The so called “bioceramics”… Easy to place, less easy to remove!
Correct obturation of the root canal system, together with proper shaping and cleaning, is one of the key points for endodontic success. The root canal filling should be complete, homogeneous, and resistant over time to ensure a proper seal of the canals.
Over the years, several techniques and materials have been proposed. In recent years, a group of calcium silicate-based sealers has gained popularity due to their ability to induce the formation of hydroxyapatite, their good sealing properties, their release of CaOH2, and their easy handling. Even though the term "Bioceramics" is not very specific, it is commonly used to refer to these materials.
One issue with these materials is the difficulty in retreating them as they are not soluble, and once set, they are extremely difficult to remove. In the past, it has been recommended to fill the entire canal with these sealers. While theoretically, this makes sense to achieve good sealing, it often causes the non-retreatability of the tooth.
The most agreed-upon indications are to use a single-cone technique together with these sealers. While this allows regaining the apex in case of retreatment, it does not solve the issue of the cement present on the canal walls and isthmuses.
In general, a canal should not be obturated unless perfectly shaped and cleaned, and this becomes paramount if the intention is to use a calcium silicate-based cement.
Tooth 46 was treated with a non-congruous root canal treatment and then became symptomatic.
The mesial canals were not shaped and the distal was half-treated.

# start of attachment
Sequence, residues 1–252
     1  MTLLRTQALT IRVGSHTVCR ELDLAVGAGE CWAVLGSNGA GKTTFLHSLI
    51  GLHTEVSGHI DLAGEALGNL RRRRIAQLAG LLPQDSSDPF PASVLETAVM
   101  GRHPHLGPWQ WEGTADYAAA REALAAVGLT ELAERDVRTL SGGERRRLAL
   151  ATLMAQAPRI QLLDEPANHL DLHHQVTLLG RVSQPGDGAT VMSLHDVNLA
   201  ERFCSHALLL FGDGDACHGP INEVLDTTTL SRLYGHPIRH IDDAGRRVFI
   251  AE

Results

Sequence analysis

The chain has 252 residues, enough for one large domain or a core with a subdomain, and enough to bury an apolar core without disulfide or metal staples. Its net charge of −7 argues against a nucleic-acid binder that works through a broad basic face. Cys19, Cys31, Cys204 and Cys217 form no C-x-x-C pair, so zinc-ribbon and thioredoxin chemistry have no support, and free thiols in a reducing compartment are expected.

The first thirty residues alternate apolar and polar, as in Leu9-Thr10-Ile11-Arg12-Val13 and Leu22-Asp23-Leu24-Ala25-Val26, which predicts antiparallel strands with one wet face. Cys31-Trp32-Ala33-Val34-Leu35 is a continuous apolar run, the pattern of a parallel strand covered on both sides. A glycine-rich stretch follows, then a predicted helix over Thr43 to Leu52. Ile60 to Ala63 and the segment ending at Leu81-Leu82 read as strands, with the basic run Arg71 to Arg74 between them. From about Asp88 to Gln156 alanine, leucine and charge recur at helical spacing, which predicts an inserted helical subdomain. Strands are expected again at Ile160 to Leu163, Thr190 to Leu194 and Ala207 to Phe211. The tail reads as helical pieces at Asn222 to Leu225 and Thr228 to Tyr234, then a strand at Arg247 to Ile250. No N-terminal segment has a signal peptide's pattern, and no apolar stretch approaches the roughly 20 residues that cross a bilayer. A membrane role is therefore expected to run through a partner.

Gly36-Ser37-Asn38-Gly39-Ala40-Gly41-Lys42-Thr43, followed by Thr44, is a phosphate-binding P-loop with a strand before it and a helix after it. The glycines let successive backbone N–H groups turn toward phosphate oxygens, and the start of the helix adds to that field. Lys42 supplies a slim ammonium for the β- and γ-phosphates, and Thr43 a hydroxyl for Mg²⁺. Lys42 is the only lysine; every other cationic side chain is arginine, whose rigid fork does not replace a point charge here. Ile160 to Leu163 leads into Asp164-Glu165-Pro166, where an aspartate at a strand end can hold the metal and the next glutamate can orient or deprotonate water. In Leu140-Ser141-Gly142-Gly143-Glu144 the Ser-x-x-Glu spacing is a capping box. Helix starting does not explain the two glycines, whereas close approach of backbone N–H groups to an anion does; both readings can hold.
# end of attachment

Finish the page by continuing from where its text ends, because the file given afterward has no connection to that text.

Once accessed the pulp chamber, it was noticed the presence of a hard, fully set calcium silicate based cement.
The removal was done using ultrasonic tips, but it was quite difficult gaining the canals.
No guttapercha was used, and the distal canal was filled partially filled with sealer.
A combination of Austenitic rotary files and ultrasonic tips was used to gain patency.
In the video, it is showed the process of removal of the calcium silicate cement. Even with the help of ultrasonic tips it is quite difficult to remove it
In the distal canal, the ultrasonic tips were alternated with austenitic rotary files.
In particular carefulness should be used when using ultrasonic or aggressive files in the canals as it is easy to create ledges.
After gaining the apex, the working length was confirmed and a periodical Xray with mastercones was taken as well.
The canals were sealed with a calcium silicate based cement and gutta-percha.
The tooth was then restored with fibre-reinforced resin.
About the author;
Dr Roberto Careddu
I was born in Sardinia (Italy) and I graduated with Honors from the University of Cagliari (Italy). My endodontic journey started with a Master in Clinical Endodontics and continued with courses and univeristy programs in different countries. I recently completed my PhD at Trinity College of Dublin.
I live in Dublin, where I work as Endodontist in private practice and I am Clinical Supervisor in the Dublin Dental University Hospital.
I have authored scientific articles and I serve as an international conference speaker.
I am Member of the Faculty of Dental Surgery of the Royal College of Surgeons of Ireland, Member of the Committee of the Irish Endodontic Society (IES) and the Irish representing for the European Society of Endodontology (ESE).
Calcium silicate based sealers are indeed easy to use and have many good characteristics, however, due to the difficulty in retreating them, they should be used carefully.
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